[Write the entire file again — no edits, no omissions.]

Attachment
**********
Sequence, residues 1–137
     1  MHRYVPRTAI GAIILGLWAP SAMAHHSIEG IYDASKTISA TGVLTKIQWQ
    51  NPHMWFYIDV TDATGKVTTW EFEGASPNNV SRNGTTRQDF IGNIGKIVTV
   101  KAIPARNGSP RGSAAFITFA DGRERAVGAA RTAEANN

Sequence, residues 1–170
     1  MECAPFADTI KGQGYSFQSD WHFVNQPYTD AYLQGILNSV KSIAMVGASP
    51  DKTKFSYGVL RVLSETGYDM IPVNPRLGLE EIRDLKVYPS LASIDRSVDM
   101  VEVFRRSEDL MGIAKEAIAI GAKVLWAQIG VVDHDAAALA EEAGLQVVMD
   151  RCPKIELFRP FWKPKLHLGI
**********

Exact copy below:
Sequence, residues 1–137
     1  MHRYVPRTAI GAIILGLWAP SAMAHHSIEG IYDASKTISA TGVLTKIQWQ
    51  NPHMWFYIDV TDATGKVTTW EFEGASPNNV SRNGTTRQDF IGNIGKIVTV
   101  KAIPARNGSP RGSAAFITFA DGRERAVGAA RTAEANN

Sequence, residues 1–170
     1  MECAPFADTI KGQGYSFQSD WHFVNQPYTD AYLQGILNSV KSIAMVGASP
    51  DKTKFSYGVL RVLSETGYDM IPVNPRLGLE EIRDLKVYPS LASIDRSVDM
   101  VEVFRRSEDL MGIAKEAIAI GAKVLWAQIG VVDHDAAALA EEAGLQVVMD
   151  RCPKIELFRP FWKPKLHLGI